2. The earthquake likelihood is distributed broadly across the SFBR (table 1). Previous studies characterized probabilities along the San Andreas and HaywardRodgers Creek Fault systems. Using new data and methods, WG99 included the San Gregorio Fault to the west and several faults to the east in its study. While the urban core remains at high risk, significant earthquake likelihood was identified in two of the most rapidly growing parts of the SFBR. Along the Interstate 680 corridor and in central and eastern Contra Costa and Alameda Counties, the Calaveras, ConcordGreen Valley, Mount Diablo Thrust, and Greenville Faults present an aggregate probability of 0.30 for one or more M>=6.7 quakes before 2030. Along the Pacific coast, in San Mateo, Santa Cruz and Monterey Counties, there is a similar aggregate probability (0.29) because of the close proximity of the San Andreas and San Gregorio Faults.
3. The HaywardRodgers Creek, San Andreas, and Calaveras Fault systems have the highest probabilities of generating a M>=6.7 earthquake before 2030. These faults pose a direct threat to the cities of San Francisco, Oakland, and San Jose, which ring San Francisco Bay. The Hayward Fault is of particular concern because of the density of urban development along it and the major infrastructure lines (water, electricity, gas, transportation) that cross it.
4. The probability of at least one smaller (M6.0 to M6.7) earthquake in the SFBR before 2030 is estimated to be at least 0.80. Earthquakes of this magnitude can produce significant damage over localized areas.
This report builds on previous analyses of earthquake likelihood, and it expands upon them to present a more comprehensive picture of earthquake occurrence throughout the region. In 1988, the first Working Group on California Earthquake Probabilities (Working Group on California Earthquake Probabilities, 1988, herein referred to as WG88), building on previous analyses by Lindh (1983) and Sykes and Nishenko (1984), concluded that for the SFBR the probability of one or more large (M about 7) earthquakes in the following 30 years was at least 0.5. This conclusion was based on an analysis of information on the earthquake history and behavior of the San Andreas and Hayward Faults. After the1989 Loma Prieta earthquake, a second Working Group was convened (Working Group on California Earthquake Probabilities, 1990, herein referred to as WG90) and charged with re-evaluating the regions earthquake probabilities in light of that event. By using new information and including the Rodgers Creek Fault, WG90 estimated the 30-year probability to be 0.67. WG90 recognized that other faults in the region, including the Calaveras, San Gregorio, ConcordGreen Valley, and Greenville Faults, also pose a serious danger. However, these faults were not included due to a lack of information.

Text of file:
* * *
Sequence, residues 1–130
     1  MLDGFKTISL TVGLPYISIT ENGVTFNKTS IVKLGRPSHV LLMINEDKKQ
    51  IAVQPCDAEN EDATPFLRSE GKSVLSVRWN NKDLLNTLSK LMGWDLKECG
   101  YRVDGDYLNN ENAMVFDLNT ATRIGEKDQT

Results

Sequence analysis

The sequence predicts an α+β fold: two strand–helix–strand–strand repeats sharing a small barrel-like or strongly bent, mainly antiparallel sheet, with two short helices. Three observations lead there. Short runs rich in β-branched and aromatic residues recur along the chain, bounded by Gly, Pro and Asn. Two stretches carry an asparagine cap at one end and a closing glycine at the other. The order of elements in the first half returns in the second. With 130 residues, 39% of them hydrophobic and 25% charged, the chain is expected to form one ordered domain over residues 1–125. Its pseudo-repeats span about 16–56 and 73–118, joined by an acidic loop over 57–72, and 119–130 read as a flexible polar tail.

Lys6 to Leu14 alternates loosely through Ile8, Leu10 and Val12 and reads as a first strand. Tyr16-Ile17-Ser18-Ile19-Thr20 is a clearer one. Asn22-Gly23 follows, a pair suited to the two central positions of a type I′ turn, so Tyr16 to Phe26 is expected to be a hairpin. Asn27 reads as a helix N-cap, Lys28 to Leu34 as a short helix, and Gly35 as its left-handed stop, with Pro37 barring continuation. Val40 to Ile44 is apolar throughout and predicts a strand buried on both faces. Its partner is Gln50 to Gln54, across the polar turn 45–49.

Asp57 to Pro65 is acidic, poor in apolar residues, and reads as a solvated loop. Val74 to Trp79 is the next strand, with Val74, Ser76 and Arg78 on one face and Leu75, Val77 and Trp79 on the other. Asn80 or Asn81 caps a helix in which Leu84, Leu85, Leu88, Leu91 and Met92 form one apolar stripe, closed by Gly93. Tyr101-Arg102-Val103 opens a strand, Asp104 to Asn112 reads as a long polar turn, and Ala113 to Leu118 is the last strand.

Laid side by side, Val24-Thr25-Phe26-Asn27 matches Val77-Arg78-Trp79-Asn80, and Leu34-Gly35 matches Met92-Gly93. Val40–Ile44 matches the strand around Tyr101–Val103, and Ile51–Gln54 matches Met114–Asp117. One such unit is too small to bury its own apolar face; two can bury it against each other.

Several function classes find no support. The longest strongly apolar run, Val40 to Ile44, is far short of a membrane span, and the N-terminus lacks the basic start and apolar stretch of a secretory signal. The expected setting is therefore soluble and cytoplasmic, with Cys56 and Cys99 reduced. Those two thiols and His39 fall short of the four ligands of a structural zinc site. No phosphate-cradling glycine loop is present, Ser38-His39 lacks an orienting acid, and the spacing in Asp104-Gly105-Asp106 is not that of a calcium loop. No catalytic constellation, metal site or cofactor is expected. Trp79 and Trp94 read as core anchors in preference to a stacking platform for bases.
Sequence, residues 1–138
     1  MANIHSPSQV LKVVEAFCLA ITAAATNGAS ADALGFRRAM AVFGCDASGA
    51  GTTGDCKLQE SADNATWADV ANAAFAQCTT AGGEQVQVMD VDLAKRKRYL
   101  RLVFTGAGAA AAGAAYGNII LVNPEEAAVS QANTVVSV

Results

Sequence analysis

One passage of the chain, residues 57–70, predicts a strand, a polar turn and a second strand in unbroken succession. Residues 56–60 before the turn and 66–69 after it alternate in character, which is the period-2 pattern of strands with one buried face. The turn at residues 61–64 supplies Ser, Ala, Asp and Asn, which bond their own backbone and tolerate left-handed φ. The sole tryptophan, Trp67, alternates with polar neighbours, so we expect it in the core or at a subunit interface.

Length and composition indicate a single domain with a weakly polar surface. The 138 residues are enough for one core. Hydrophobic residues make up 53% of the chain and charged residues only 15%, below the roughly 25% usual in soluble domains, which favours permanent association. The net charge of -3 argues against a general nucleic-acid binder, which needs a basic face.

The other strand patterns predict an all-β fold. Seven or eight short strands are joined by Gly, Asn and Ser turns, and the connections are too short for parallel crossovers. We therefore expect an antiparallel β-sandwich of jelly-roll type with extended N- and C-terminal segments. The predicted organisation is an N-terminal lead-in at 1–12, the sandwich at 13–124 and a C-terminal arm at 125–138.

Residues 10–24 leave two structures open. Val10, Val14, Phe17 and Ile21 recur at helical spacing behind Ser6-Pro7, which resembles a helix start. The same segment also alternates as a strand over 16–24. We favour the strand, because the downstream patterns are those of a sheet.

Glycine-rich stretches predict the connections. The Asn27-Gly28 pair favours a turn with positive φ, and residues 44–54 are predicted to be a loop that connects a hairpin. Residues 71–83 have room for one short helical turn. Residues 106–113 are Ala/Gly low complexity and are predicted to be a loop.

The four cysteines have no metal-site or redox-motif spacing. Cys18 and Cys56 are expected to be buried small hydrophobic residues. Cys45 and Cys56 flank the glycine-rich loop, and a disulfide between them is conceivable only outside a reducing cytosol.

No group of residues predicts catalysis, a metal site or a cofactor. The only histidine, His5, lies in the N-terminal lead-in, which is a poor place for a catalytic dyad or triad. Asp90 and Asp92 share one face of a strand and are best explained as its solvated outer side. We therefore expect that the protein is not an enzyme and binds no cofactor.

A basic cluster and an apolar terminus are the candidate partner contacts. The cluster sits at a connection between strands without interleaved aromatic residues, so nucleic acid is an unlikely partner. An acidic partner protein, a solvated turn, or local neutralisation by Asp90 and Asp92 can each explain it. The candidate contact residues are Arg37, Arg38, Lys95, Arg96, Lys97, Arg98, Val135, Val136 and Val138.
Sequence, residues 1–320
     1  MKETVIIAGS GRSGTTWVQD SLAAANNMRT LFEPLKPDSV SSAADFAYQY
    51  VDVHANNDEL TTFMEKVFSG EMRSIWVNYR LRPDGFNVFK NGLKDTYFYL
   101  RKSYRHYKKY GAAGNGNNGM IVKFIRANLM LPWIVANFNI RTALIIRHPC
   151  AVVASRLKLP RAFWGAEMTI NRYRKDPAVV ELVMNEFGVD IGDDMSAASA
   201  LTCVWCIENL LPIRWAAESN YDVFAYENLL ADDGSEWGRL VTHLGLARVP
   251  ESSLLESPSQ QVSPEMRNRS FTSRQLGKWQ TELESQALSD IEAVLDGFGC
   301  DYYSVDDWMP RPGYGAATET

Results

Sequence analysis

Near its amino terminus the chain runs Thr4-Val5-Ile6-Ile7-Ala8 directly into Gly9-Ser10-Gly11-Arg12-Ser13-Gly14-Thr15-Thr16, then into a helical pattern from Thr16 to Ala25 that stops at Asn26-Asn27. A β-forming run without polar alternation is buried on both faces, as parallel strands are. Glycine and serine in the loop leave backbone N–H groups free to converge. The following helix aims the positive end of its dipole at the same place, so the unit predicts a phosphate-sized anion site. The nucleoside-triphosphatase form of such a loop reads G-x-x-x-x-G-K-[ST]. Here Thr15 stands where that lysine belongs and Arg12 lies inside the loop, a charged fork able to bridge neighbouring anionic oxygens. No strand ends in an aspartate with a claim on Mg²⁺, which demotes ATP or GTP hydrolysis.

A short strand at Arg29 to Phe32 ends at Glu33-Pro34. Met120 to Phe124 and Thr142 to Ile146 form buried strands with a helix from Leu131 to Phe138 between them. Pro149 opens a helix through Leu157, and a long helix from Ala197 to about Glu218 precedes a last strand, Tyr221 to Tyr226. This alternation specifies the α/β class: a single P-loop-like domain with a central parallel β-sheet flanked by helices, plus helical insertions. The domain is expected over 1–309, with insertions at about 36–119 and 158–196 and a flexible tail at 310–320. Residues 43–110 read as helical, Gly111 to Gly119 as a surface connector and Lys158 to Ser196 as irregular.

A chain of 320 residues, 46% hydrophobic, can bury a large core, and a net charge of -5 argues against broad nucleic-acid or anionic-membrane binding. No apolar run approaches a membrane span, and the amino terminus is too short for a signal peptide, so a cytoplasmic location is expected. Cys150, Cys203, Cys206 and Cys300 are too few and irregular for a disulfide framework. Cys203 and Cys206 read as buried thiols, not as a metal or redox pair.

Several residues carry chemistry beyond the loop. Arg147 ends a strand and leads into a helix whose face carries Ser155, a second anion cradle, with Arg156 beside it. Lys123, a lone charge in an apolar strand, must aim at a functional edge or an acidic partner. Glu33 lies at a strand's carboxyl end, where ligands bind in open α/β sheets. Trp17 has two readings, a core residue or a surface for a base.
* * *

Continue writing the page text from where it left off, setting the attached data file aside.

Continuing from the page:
The present findings of WG99 are based on geologic, geodetic, and seismologic information, much of it obtained since the 1989 Loma Prieta earthquake. Some of this information was reviewed and summarized in 1996 by the Working Group on Northern California Earthquake Potential (WGNCEP), whose report formed one basis for seismic shaking hazard maps of California (Petersen et al., 1996) and of the United States (Frankel et al., 1996). In addition to new data, new ideas of how faults work have emerged, and analysis methods have been refined to more formally incorporate uncertainty and alternative models into probabilistic estimates.
Among the recent advances in data and in the methodology employed by WG99 are:
1. Information on fault slip rates and earthquake recurrence (repeat) times now available for the northern Calaveras Fault, San Gregorio Fault, ConcordGreen Valley Fault, and Greenville Fault, and on newly identified earthquake sources such as the Mt. Diablo blind thrust fault.
2. New information on fault segmentation from geological and geophysical observations.
3. Reevaluation of the distribution of slip on the San Andreas Fault in the 1906 earthquake, coupled with new information on slip rates and earthquake recurrence in Marin County, on the San Francisco Peninsula, and in the Santa Cruz Mountains.
4. Improved knowledge of deformation in the region, in part derived from advances in Global Positioning System (GPS) measurements, and more precise locations and slip rates of reverse and blind thrust faults.
5. Applying the observed rate of tectonic plate motions as a constraint on regional earthquake rates.